To determine how top online retailers use transactional emails, Silverpop studied the messages sent to recipients immediately following an online purchase. Findings from the report, titled "How Top Retailers Use Transactional Emails," reveal how some companies capitalize on using this targeted marketing channel to cross-sell and up-sell relevant products to customers, while others fail to exploit the full potential of transactional email marketing.
To identify best practices, Silverpop's Strategic Research Group purchased items from 84 of the top online retailers as identified by Internet Retailer magazine. Each transactional email was evaluated for subject line branding, personalization, layout elements, promotional content and various administrative elements.
Key findings of the study include the following:
Few transactional emails included promotional copy. Just one in five retailers studied promoted other products within transactional emails. "Far too many companies allow their companies' IT departments to send static, text-only messages," O'Gorman said. "When control over transactional messaging resides outside of the marketing function, the emails often lack cross-sell and up-sell promotional content that can boost revenue."
When adding promotional content to transactional messages, she cautioned marketers to keep in mind that there are certain legal complexities to take into account. It's best to consult with legal counsel with respect to complete regulatory interpretations and compliance requirements.
Nearly six out of 10 emails were HTML. The creativity afforded by HTML emails helps marketers boost returns. Lacking strong branding, text messages generally simply confirmed the purchase order.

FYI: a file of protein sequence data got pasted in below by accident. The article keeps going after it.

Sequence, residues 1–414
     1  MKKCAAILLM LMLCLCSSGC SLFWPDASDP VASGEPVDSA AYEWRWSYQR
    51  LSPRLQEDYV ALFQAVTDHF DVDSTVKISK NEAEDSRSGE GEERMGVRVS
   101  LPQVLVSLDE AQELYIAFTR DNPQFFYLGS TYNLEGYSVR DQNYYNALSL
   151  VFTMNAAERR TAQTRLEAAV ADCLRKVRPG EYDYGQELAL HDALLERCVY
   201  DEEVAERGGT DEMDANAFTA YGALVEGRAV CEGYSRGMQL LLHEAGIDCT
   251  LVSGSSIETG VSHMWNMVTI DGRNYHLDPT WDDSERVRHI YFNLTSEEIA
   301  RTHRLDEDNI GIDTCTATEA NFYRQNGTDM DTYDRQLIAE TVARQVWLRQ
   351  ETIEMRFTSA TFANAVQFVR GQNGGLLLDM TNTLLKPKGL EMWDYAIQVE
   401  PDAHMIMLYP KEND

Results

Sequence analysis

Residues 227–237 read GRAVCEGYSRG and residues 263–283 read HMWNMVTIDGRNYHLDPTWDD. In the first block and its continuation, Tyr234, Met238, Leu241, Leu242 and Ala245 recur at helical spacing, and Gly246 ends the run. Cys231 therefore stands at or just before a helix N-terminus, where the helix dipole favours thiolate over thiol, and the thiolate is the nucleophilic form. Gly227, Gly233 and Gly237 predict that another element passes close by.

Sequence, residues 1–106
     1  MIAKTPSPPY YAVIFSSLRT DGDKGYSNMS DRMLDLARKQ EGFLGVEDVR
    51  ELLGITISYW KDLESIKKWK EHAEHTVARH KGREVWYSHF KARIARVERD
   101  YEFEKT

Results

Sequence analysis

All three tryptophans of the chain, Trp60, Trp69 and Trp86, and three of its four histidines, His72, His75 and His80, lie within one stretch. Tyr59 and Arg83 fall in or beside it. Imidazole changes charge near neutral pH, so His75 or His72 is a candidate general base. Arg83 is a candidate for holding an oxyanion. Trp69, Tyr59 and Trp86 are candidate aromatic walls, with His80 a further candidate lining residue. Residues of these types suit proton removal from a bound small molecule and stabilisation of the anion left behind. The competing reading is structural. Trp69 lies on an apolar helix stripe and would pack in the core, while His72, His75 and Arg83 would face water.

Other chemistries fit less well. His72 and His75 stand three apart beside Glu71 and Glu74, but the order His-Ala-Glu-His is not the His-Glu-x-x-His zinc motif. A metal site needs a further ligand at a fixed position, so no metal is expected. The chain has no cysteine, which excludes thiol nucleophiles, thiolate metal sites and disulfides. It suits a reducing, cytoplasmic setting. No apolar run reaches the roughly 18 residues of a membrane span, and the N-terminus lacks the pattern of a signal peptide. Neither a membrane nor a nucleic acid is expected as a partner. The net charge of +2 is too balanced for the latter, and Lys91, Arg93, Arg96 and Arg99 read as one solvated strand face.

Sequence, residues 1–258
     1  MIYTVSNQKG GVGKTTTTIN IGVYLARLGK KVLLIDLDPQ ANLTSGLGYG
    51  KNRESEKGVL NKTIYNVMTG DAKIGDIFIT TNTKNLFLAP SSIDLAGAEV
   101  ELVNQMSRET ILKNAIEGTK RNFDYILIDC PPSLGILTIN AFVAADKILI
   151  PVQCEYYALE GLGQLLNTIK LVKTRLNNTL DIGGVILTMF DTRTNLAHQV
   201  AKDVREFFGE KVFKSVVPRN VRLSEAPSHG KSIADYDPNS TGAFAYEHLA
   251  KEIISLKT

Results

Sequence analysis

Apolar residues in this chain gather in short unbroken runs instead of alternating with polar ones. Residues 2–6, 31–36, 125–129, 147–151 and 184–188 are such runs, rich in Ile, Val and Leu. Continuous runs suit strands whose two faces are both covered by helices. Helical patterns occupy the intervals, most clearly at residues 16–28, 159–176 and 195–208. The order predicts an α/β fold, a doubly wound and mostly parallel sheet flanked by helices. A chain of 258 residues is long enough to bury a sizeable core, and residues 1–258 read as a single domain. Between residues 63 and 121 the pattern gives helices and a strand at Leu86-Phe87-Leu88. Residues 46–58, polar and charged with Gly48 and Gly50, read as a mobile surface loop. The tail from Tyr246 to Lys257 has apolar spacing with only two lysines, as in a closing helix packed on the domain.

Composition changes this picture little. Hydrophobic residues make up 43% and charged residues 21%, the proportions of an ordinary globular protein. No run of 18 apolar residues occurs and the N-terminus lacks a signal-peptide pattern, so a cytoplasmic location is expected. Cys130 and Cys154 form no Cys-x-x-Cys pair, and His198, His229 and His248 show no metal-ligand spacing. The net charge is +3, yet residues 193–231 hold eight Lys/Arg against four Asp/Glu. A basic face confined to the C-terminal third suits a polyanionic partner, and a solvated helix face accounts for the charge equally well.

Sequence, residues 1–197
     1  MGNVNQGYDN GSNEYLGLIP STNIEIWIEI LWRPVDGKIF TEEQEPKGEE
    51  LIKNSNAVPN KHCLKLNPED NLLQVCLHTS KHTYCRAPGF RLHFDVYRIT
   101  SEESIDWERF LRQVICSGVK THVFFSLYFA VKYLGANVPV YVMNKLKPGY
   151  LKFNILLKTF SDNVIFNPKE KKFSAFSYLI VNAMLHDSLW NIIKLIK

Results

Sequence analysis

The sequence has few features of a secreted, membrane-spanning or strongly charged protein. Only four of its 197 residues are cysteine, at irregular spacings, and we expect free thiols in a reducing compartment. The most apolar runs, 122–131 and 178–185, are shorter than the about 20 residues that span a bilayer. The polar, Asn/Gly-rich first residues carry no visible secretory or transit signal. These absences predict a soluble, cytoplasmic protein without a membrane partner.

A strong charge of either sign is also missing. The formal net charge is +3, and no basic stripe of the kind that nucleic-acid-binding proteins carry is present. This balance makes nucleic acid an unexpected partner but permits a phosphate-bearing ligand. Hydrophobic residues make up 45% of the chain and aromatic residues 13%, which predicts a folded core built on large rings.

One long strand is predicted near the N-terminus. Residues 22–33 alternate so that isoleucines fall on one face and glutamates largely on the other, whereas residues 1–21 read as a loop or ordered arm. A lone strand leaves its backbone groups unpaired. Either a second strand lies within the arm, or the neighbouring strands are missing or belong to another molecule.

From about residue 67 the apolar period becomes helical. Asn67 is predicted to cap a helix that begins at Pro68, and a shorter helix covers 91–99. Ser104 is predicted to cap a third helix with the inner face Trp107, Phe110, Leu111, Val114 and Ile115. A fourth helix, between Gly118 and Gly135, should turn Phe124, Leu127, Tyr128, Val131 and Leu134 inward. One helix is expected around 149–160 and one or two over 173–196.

Utilizing HTML formatting that includes essential branding elements is a strong way to enhance customer loyalty and even increase revenue," O'Gorman said. "Not only do HTML emails look better, they are measurable."
Deliverability issues stymied some retailers: Six percent of the transactional emails received landed in recipients' junk folders. "Perhaps more retailers would take the time to ask recipients to white list their addresses if they realized how many of their messages - including critical transactional emails - were landing in recipients' junk folders," O'Gorman said.
More companies requested opt-ins than additional purchases: A larger percentage of retailers used the transactional message to promote their commercial email programs than to cross-sell or up-sell customers. Sixty-eight percent of companies that offer emails as part of their marketing programs included a link in the transactional email to opt-in.